I fell off the wagon during my vacation. Then I got right up and hopped back on.

wreck-bar

I fell off the wagon during my Florida vacation after almost three years of sobriety.

At a place called “The Wreck Bar,” no less. During a mermaid show.

And then I was interviewed by a pirate. With a news crew.

But nothing tragic happened. In fact, I’d be a liar if I didn’t admit I had a darned good time.

I was never “a wreck” during vacation. But I’m climbing right back on the wagon anyway.

Nothing terrible happened, but drinks Friday turned into drinks Saturday, Sunday, and Monday. I had fun all three nights, but as it goes with us alcoholics, I progressively drank more each night. By Tuesday morning, it was obvious what was happening, as I had a hangover for the first time in almost three years.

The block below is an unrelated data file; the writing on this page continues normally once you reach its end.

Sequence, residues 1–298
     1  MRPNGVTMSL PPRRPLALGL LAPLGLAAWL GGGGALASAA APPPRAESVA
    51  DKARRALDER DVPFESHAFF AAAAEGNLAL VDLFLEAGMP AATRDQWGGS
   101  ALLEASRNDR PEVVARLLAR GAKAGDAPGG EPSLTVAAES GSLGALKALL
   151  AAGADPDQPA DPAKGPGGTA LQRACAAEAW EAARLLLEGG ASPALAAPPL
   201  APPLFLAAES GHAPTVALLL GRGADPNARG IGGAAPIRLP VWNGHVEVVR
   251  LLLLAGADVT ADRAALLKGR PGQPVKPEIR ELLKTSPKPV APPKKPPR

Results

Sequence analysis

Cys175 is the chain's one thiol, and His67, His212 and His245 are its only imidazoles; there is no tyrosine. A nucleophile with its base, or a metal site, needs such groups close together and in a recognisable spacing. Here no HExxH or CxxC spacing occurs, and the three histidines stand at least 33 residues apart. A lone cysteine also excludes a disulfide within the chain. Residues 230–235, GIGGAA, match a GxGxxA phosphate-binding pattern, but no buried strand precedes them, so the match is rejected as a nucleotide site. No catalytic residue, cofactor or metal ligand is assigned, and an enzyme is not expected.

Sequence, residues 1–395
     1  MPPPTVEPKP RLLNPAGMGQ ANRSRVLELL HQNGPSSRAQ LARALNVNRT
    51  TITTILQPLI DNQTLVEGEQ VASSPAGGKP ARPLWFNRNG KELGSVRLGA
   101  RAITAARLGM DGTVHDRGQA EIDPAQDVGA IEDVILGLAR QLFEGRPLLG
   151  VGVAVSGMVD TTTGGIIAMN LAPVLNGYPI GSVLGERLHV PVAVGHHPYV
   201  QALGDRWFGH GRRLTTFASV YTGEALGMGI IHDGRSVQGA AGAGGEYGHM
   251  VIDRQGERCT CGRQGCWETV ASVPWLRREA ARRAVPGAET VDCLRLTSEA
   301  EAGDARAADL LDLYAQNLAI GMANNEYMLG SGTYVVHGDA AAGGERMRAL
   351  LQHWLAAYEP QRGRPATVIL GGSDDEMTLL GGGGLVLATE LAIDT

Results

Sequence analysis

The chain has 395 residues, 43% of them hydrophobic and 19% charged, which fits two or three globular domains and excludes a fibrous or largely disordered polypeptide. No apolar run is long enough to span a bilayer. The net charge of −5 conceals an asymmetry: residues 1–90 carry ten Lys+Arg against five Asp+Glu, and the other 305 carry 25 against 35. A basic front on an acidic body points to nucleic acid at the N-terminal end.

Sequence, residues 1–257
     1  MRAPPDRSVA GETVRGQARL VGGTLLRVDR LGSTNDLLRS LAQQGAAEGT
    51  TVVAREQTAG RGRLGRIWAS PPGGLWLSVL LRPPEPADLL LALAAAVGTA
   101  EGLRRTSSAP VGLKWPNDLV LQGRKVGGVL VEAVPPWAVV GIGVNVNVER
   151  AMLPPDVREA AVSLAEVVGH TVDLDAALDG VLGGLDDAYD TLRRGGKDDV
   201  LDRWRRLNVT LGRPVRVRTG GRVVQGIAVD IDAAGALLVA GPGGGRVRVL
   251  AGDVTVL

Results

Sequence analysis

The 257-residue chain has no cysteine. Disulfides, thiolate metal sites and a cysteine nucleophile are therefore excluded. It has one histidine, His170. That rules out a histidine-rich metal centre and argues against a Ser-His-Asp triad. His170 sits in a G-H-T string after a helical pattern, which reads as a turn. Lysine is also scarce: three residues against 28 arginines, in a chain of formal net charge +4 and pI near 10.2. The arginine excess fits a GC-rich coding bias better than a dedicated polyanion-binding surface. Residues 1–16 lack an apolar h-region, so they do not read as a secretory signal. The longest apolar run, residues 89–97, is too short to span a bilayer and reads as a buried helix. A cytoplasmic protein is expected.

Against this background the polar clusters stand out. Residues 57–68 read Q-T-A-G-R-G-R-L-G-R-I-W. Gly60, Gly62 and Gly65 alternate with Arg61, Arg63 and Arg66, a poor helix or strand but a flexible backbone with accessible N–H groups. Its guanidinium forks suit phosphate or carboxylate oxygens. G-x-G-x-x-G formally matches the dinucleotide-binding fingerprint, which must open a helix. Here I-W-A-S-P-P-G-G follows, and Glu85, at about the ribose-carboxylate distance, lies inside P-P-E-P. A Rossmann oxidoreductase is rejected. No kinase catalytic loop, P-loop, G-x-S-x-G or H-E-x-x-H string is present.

My therapist had suggested I attend meetings while here. I’m not a huge fan of AA. They are a PTSD trigger for me (long story), so, in fact, I avoid them completely while at home. I did reach out to another person in recovery as soon as I got here, and had hoped to set up a time to attend an AA meeting with her, but I never heard back.

The morning after landing, I got up to go to breakfast downstairs in the hotel. The main restaurant is not open yet (the hotel has just been remodeled) and the U.S. Men’s Soccer Team had the smaller restaurant, in the lobby, exclusively to themselves the whole week.

So, that left the rest of us in the “Wreck Bar” for every meal unless we ate outside at the beach grill, and that closed every night at sundown, and did not open until 11 a.m. each day.